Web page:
Do this, keep a steady customer base, and you’ll see your reputation grow — which will inevitably lead to better sales numbers.


6. Learning from the competition

Data analytics doesn’t just apply to you and what you know about your own organization. There’s plenty of data to be found on your competitors, and that’s a prime opportunity to improve business and sales figures.

Competitive analyses can be conducted in a variety of ways, and can be based on quantitative or qualitative data.

Whether you’re basing the competitive intelligence data you’re gathering on surveys with customers and feedback from around the web, or if you’re using figures from SEO analysis, the end goal is the same: to look at your competitors and see where they are performing well, and how you can react to that.

If you’re neck-and-neck with a competitor, and can learn from what they’re doing well (or from their mistakes), you’ll have the chance to overtake them by implementing those learnings into your sales strategy.

For example, something as seemingly simple as taking advantage of color psychology  with your marketing can make a huge difference. There's a reason why brands such as Google, Starbucks, and Coca-Cola have brands that are easily identified by their color palette. If you see that your competitor has a strong brand, but yours is still undeveloped, this could be a key area to focus on.

A better sales and marketing strategy will ultimately lead to more sales and a better sales year. There’s no reason not to monitor your competitors if that’s the case!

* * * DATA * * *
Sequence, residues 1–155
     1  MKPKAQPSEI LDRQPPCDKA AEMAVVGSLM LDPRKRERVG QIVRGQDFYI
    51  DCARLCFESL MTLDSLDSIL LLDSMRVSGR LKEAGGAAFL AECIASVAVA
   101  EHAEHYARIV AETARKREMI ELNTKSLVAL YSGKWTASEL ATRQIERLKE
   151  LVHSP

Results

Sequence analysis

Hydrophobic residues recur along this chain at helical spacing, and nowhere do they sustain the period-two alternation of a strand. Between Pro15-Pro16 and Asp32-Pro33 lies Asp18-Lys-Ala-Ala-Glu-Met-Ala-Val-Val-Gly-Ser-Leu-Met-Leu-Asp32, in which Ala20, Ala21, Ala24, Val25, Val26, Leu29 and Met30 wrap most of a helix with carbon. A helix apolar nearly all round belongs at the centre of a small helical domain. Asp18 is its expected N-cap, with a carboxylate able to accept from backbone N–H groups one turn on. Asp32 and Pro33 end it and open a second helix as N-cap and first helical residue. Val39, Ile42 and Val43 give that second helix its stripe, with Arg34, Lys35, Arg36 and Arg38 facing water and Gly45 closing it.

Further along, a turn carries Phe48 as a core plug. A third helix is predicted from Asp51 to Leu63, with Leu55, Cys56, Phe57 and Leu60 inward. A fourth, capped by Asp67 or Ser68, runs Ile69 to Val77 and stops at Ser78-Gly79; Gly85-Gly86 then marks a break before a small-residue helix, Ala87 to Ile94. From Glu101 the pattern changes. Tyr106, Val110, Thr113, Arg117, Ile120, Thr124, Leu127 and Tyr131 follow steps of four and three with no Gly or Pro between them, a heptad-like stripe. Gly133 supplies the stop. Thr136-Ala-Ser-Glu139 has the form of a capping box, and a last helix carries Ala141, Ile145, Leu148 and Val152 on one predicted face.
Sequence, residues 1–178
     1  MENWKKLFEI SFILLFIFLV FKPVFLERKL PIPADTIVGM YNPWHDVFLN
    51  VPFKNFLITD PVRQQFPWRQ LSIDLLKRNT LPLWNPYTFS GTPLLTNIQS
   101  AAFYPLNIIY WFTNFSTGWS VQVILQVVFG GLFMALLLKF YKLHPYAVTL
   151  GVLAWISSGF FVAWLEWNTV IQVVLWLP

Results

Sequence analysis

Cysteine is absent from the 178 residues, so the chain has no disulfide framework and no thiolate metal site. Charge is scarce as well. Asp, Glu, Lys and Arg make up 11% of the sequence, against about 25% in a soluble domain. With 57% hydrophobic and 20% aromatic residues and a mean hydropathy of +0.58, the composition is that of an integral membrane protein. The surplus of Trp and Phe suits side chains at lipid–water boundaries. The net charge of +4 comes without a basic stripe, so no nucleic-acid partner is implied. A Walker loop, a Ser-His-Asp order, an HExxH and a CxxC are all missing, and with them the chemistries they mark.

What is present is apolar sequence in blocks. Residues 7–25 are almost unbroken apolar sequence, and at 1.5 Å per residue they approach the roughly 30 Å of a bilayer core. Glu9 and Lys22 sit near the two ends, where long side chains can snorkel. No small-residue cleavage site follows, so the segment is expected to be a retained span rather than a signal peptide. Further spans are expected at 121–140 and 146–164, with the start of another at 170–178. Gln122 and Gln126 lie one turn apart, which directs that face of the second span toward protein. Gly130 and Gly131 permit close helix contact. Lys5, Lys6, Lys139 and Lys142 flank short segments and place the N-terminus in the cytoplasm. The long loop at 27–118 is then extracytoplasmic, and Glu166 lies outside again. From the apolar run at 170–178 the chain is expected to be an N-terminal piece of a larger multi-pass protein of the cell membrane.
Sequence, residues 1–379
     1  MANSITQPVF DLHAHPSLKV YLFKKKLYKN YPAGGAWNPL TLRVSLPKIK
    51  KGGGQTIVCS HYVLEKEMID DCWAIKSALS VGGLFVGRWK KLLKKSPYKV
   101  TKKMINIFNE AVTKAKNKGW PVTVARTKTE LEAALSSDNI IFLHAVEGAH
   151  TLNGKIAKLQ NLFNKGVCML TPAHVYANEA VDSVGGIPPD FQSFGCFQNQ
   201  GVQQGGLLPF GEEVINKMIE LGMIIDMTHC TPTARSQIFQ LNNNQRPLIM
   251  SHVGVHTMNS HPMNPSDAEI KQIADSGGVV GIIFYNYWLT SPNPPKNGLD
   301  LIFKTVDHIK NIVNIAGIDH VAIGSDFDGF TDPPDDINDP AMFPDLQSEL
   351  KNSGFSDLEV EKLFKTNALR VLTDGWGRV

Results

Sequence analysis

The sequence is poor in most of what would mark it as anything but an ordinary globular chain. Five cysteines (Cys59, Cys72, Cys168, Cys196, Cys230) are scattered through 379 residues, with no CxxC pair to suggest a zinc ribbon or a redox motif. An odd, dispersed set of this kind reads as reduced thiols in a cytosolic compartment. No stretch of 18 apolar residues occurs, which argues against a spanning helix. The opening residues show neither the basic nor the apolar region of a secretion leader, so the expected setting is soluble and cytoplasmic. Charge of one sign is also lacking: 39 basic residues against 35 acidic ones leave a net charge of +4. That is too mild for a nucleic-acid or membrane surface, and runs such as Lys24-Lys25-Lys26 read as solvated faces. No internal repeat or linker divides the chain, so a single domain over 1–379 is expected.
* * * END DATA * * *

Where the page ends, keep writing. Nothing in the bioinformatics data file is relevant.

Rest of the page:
Checking competitors graph



Wrapping up

As this article wraps up, it’s important to note two things.

Firstly, data analytics is a broad area, and it encompasses much more than what was covered in this article. Data comes in all shapes and sizes, and can be analyzed in a lot of different ways.

However, the points covered above are a good starting point to consider when you’re beginning to incorporate data analytics into your processes.

Secondly, data analytics isn’t a silver bullet that will immediately increase your sales numbers by 300%. But it’s important to remember that analyzing data and instilling a culture of data analytics in your team can help you succeed, and many top organizations are taking the path towards becoming more data-driven in their decision-making.

Not using data analytics does put you at risk of being left behind.

All in all, data is more important than ever in a business environment, and it has so many uses and applications that using it in even just one context could really push your sales numbers higher than before.

Whether you’re using data to segment your existing customers to find upsell and cross-sell opportunities, to analyze your lead lists to find the best prospects, or examining what you can learn from your rivals, there are opportunities aplenty to use data analytics to help you hit your best sales year yet in 2022.